Now, let me introduce you to the daily life at TIEC.

(1) About TIEC
(2) Daily life at TIEC←This time!
(3) Regular events at TIEC
(4) Events hosted during my active time at TIEC
(5) Alumni activities

As in the previous issue, please note that the information presented in this issue is from around 2010 and may include some outdated information.

Now, let us come to the main topic: What was the daily life of Japanese students at TIEC like? This is, in effect, an introduction to Resident Assistant (RA) activities at TIEC. So, what are RA activities?

According to the TIEC website, Resident Assistants (RAs) are graduate students who provide consultation, guidance, and advice to international students living in TIEC in their daily lives and studies, and actively participate in TIEC’s international exchange programs.(Japanese only)

In short, RA activities are meant to support international students and to organize international exchange events. First of all, what do RAs exactly do to support international students?

In this article, I would like to introduce the daily life at TIEC, so let me introduce the daily support.
First of all, RAs were required to submit a monthly report on the status of their fellow residents on the same floor.
The report was in the form of a Word document, with one or two lines per person, reporting on their recent activities. This means that if you lived alone, you had to know how the other residents on your floor were doing, which could be quite a challenge.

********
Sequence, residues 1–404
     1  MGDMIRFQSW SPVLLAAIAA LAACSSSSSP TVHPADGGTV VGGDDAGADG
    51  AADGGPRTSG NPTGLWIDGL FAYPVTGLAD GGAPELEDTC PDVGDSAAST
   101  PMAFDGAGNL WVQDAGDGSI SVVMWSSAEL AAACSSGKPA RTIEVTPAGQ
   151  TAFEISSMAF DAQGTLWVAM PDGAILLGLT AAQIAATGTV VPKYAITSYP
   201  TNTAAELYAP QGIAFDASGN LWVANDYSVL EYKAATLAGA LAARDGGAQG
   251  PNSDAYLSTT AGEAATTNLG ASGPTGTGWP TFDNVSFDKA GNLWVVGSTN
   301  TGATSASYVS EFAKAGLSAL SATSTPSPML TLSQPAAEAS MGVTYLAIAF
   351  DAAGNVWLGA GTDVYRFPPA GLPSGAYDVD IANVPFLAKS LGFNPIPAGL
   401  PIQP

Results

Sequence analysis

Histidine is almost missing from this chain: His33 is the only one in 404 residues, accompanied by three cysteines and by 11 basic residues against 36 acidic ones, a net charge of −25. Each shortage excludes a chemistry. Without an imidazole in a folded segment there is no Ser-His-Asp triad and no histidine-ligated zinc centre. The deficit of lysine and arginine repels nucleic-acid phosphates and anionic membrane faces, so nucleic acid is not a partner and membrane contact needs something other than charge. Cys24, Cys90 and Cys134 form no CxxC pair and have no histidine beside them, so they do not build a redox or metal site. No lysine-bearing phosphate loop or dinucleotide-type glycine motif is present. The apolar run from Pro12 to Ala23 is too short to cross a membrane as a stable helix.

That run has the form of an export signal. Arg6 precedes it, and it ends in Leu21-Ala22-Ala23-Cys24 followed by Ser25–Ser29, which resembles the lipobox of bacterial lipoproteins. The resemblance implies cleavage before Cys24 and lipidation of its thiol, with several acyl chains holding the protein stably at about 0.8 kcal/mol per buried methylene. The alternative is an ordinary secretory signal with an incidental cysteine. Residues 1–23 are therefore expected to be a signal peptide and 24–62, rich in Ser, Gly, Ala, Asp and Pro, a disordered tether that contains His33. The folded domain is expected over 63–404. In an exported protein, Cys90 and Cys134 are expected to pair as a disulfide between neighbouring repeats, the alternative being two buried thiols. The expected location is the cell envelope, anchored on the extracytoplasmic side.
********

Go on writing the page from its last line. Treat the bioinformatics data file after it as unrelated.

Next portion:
So, what was the solution? The quickest way was to have a floor party. If you had a party on your floor, you could see all the residents on your floor at once. I lived in the B wing (as mentioned in the previous post), but in the A wing, the kitchen was shared, so there were usually more opportunities for socializing.

I was going to be a serious graduate student (really!), so I thought, “No, I’m not going to have a party or anything,” but the JASSO staff member put me in my place (he said something like, “As an RA, I’m worried about you…”).
I was forced to plan a floor party. You may be thinking, “How do you get all the people living in private rooms together for a floor party?”

TIEC has a communal space on each floor where residents can gather. Most of the international students were on Facebook, so once the schedule was arranged and the party date was set, it was just a potluck, and everyone was welcome to bring their own food. It’s a great system.

What does the communal space look like? You can see it here: h

Furthermore, each floor has a different layout, design, and terrace. It was great to see how different spaces can change the way people interact with each other. Buildings and spaces play an important role in communication between people.

I digressed greatly, it was a floor party. There were 2~4 RAs on the same floor, so after discussing the date of the party with the RAs and deciding so, we contacted the floor residents (about 20 at that time) via Facebook and announced on the whiteboard in front of the elevator that there would be a party, and on the day of the party everyone would cook a random meal and gather!
Generally, we had a good time, talking about other things, reporting on what we had been up to, and inviting friends from other buildings and outside. And so the night went on. Well, enough to know what’s going on with the residents on the floor.

I hope you have found that the monthly reporting obligation of RAs can be satisfied by holding a floor party. This provides an opportunity for the RAs to check in on the status of the residents on their floor and for the residents to socialize with one another. However, it’s important to note that not all residents may enjoy parties, so it’s also important for the RAs to communicate individually with those residents.

In the next issue, I would like to introduce regular events at TIEC. Stay tuned!


TIEC and me

Categories: EN

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